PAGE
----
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Taita artisanal miners form lobby for their rights

Say they have been overlooked in the industry for far too long; it's time they were heard.

In Summary

• Dawida Tuweta Artisanal Mining Association will help the miners negotiate with conglomerates and get fair prices and other benefits for their work.                        

• Association chairman Herman Mole said the lobby gives them a platform to have their voices heard.

Dawida Tuweta Artisanal Miners Association chair Herbert Mole and Taita Taveta Deputy Governor Majala Mlagui at the launch of the association in Taveta on Friday.
IT'S OFFICIAL Dawida Tuweta Artisanal Miners Association chair Herbert Mole and Taita Taveta Deputy Governor Majala Mlagui at the launch of the association in Taveta on Friday.
Image: BRIAN OTIENO

@Yobramos4 

More than 400 artisanal miners in Taita Taveta county on Friday launched a lobby to advocate for fair treatment and equal opportunities in the mining industry.  

Dawida Tuweta Artisanal Mining Association will help the miners negotiate with conglomerates and get fair prices and other benefits for their work.

Association chair Herman Mole said the lobby gives them a platform to have their voices heard.

“It is time we are recognised as hardworking Kenyans who contribute to the development of the country’s economy,” Mole said.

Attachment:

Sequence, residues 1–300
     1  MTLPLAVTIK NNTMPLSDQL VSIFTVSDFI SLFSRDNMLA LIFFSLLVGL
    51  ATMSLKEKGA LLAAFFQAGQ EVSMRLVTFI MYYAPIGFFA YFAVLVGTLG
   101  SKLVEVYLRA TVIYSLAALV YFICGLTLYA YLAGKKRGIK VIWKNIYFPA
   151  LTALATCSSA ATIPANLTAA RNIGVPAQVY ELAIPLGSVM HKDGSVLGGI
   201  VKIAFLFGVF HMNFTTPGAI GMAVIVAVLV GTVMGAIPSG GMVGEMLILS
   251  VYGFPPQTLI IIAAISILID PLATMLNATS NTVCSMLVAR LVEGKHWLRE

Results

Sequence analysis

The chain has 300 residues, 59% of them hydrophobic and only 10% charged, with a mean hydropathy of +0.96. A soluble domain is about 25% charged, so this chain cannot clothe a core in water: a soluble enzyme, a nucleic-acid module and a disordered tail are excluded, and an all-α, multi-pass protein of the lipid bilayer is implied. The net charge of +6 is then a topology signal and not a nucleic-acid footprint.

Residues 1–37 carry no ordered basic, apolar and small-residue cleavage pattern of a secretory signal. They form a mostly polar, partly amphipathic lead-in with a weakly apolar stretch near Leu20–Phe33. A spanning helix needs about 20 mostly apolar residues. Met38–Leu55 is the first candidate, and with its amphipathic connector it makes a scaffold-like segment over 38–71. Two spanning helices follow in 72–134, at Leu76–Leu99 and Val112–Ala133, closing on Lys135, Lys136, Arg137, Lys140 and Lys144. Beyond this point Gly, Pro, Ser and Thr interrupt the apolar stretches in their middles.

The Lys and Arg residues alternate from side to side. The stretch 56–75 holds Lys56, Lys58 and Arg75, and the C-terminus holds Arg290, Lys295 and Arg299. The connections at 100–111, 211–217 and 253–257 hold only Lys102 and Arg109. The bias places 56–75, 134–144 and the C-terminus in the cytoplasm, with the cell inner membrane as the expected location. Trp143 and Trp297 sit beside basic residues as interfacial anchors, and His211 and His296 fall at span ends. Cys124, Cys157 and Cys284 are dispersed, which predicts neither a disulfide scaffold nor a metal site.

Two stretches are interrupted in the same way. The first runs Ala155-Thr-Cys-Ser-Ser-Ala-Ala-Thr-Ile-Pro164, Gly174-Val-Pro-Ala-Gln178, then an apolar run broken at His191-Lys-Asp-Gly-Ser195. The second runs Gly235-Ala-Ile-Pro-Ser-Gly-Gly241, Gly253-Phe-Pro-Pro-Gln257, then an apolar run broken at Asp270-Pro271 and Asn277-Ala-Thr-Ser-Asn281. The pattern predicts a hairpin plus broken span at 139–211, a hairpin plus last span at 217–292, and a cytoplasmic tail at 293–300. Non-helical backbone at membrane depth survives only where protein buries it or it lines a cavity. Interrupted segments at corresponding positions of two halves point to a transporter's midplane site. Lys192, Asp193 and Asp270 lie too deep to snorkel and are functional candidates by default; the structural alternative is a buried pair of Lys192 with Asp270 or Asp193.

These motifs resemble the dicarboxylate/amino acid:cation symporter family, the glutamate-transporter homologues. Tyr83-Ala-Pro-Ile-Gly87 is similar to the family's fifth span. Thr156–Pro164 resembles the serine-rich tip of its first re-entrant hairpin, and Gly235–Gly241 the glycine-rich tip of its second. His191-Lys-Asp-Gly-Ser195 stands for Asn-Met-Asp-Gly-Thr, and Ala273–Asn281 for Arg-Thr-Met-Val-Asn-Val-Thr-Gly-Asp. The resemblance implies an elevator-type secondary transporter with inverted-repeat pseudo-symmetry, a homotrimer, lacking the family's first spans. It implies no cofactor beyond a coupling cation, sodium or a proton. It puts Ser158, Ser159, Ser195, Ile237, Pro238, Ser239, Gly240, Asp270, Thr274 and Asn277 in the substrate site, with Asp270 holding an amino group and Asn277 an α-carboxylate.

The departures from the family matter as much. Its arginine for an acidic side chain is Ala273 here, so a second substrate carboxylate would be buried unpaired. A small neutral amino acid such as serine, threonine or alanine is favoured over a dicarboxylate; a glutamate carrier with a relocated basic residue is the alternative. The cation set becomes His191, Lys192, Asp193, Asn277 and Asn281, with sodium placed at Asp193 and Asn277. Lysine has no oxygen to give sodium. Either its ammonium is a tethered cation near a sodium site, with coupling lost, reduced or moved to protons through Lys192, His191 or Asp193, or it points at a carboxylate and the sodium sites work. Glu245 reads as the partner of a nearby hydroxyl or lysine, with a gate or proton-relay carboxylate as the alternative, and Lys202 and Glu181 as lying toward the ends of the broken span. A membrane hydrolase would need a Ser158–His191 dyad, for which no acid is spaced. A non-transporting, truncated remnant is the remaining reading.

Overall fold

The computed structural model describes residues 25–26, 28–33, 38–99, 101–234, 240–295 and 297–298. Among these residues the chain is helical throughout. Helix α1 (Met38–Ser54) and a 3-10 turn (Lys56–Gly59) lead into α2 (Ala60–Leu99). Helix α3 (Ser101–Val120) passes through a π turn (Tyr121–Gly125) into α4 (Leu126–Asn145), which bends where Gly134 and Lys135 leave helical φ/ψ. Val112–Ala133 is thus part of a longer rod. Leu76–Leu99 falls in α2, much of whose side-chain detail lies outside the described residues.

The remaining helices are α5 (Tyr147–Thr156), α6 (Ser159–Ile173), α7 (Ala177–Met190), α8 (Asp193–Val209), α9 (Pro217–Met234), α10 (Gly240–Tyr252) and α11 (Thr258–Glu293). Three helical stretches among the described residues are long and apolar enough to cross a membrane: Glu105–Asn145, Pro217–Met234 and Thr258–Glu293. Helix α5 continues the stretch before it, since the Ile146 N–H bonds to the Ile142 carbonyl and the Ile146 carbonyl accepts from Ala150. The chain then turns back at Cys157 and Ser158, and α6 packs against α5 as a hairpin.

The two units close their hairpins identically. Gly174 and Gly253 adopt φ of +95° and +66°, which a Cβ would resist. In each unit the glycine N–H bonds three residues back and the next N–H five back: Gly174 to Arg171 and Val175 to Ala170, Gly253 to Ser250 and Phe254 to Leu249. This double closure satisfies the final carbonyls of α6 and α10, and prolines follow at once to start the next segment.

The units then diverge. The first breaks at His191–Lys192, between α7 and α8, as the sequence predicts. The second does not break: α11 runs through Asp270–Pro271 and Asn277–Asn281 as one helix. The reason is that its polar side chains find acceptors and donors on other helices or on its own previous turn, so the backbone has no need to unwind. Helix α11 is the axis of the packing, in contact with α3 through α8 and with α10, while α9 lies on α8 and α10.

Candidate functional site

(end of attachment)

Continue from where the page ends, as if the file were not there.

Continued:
Haki Yetu Organisation land program officer Furaha Charo said the registration of the association comes at a time when Kenya is experiencing an influx of conglomerate mining companies due to discovery of large mineral deposits.  

 
 

“The danger of this is that despite recognition of artisanal mining in the Mining Act 2016, the rights of artisanal miners risk being overlooked at the expense of large scale mining companies,” she said.

Charo said for long, artisanal miners have complained of difficulties in getting mining permits as opposed to the conglomerate companies. 

“A group of local miners will be forced to go through many channels, eventually getting their licence if lucky, after about a year. But when a large company applies for a license, they get it within three weeks,” Mole said.

The chair said with the association in place, they will also be pushing the county government to help them get market for their gems.

A gemstone centre has been established in Taita Taveta county but it is not operational yet.

Mole asked the county government to help the artisanal miners in the county through budgetary provisions for tools and equipment to boost production.

He said the traditional mining methods are mostly tedious with very little output.

Beatrice Mjomba, Taita Taveta Human Rights Watch head of governance and natural resources said the extent of artisanal mining blocks have also not been clear thus most of the miners have ended up losing the sites to large scale mining companies.

Mjomba asked the Taita Taveta county government to liaise with the Lands and Mining ministries to fast-track demarcation of mining blocks.

She said miners encounter challenges in acquiring consent to conduct their mining activities, especially in private ranches.

Taita Taveta Deputy Governor Majala Mlagui said the county will work to ensure artisanal miners are treated fairly.

“But at the same time, I urge them to be even more aggressive in putting both the county and national governments to task towards protecting their interests,” she said.

Haki Yetu Organisation program officer John Paul urged artisanal miners to take advantage of the political goodwill and use the association to voice concerns to relevant stakeholders.